hello, everybody. first, i want to thank robin and katie and supervisor cohen and supervisor wiener for joining us tonight. i just had nicebeer. i have for -- i just had a nice beer. i have four pages of notes that i just threw away. once a week my staff gets me out. tonight was one of the work by night. take me on more brewery's why don't you, staff? tonight was wonderful. [laughter] speakeasy, talk about manufacturing. they have been brewing fine ales and years since 1977. congratulations. [applause] i am privileged to work with wonderful people. i cannot say enough about katie.
just three and a half years since we started and just 325 companies later, manufacturers, investor confidence, jobs, jobs, jobs. cady, thank you for your wonderful leadership at sf made. you and the board of directors at sf made, thank you for your wonderful leadership. these are the people i want to work with when we think about san francisco and what we make. my daughters used to have a joke. daddy, the only thing you make our crude jokes. that does not sell. at least, not now. but i want you to know that i'm very heartened with our manufacturing base here. as much as you have heard me speak about the technology companies, and they are
wonderful. and of course, we are espousing them every week and supporting them, but i want you to make sure you know -- i want to make sure you know that i will be speaking about our san francisco made products all the time. apparel, chocolate, wine, beer, jewelery, everything we could manufacture. and guess what, i will make a big promise to you. the more that we make of san francisco, the more international markets will pay attention to san francisco. and guess what, i am so lucky. we are the home to 70 general counsel offices in the world, highest number outside of new york and washington d.c.. we've got to take advantage of that. i'm going to go out and make a very strong plea, support the manufacturers of san francisco made products. we will be number one in the world and we will have a marked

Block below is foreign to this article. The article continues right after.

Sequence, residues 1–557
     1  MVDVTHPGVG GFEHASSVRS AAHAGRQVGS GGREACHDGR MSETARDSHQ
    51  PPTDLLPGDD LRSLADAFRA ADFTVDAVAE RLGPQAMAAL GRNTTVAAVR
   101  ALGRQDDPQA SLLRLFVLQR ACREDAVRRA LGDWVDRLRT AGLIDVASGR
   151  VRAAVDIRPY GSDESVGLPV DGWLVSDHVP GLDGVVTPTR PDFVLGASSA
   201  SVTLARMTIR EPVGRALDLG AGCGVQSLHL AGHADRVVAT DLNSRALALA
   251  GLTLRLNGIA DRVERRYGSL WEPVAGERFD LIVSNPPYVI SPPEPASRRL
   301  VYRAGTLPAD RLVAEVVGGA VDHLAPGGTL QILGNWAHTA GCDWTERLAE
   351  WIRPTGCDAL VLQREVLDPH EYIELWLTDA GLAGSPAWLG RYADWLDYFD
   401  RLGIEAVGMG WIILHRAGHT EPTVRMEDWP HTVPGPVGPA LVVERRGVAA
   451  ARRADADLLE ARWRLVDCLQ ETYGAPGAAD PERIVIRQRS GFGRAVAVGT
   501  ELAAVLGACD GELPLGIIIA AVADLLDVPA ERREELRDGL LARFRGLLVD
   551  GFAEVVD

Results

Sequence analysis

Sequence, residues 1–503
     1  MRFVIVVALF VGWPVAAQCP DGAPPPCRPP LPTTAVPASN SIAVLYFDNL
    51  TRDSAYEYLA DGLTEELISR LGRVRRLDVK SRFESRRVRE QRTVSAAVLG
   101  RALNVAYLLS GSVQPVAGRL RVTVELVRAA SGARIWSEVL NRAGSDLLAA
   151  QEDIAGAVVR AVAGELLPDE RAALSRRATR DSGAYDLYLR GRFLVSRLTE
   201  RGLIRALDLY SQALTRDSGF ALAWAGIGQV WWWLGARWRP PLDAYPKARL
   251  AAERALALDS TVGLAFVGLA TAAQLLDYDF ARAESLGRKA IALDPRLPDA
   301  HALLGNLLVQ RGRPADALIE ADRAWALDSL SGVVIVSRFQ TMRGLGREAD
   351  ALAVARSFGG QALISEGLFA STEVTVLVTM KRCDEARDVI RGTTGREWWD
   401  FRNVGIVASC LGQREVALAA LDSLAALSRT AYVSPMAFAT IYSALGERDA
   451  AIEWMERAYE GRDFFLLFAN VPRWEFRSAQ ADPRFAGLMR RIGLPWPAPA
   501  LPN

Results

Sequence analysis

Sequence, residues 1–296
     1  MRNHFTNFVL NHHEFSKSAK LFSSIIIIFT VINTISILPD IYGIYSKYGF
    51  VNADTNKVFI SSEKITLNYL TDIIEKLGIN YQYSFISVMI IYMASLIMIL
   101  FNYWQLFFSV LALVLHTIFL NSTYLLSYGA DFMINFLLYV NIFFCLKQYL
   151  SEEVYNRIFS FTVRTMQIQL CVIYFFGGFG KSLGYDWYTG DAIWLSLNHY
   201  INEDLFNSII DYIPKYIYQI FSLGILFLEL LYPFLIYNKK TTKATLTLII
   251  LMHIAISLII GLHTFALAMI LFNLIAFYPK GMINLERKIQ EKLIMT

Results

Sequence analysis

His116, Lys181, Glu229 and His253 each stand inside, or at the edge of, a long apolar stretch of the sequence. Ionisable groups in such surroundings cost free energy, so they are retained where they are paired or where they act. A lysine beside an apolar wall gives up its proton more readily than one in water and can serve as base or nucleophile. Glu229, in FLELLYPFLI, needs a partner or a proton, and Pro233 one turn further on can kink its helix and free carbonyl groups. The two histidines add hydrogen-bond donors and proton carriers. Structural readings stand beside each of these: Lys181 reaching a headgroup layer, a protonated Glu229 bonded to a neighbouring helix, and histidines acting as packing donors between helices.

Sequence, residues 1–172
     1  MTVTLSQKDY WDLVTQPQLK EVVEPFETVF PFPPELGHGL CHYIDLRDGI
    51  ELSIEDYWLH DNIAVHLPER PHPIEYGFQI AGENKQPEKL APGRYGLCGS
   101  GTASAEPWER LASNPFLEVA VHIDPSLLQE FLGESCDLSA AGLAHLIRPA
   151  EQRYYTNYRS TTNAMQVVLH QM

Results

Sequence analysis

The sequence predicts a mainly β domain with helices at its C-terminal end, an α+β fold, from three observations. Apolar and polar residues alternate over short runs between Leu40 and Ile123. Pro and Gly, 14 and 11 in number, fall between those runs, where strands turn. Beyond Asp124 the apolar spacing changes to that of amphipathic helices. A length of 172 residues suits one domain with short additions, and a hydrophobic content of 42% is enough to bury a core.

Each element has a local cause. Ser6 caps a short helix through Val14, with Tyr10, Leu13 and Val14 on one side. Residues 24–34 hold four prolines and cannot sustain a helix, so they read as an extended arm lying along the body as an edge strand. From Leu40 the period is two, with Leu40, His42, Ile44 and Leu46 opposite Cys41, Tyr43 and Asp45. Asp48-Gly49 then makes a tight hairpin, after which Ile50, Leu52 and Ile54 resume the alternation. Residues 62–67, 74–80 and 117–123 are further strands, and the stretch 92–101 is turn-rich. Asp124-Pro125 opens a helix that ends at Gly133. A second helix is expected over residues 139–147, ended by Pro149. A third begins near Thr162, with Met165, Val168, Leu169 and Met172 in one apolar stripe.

share. thank you -- a market share. thank you for all you do. [applause] here is what i, supervisor cohen, and the sick -- the board of supervisors are going to do. number one, we are going to start a manufacturing desk at the office of workforce development. and that manufacturing test will be modeling -- will be my linked to all of you. that manufacturing staff will directly report to me and let me know what type of red tape we have to cut off, what kinds of things we have to do to support manufacturing. get all of the legislative staff out of the way. the most important thing that we need to do is pay attention to our manufacturing base. we need your input. you are going to be the great job creators for san francisco. when you make your own things,
by their very nature, that it's so sustainable for the economy. i will be talking about this all the time, whenever i get an opportunity. the san francisco brand is known around the world. i am about to go to china. whenever people in china think about san francisco made, they will want to come here. the middle class in china is coming out. they want to buy san francisco made products. they will want to buy our kimchi. they will want to buy our high- quality, precision made products. the second thing we're going to do is doing things by concentrating on certain sectors -- sectors. we have wesf. i want -- we have fashion sf.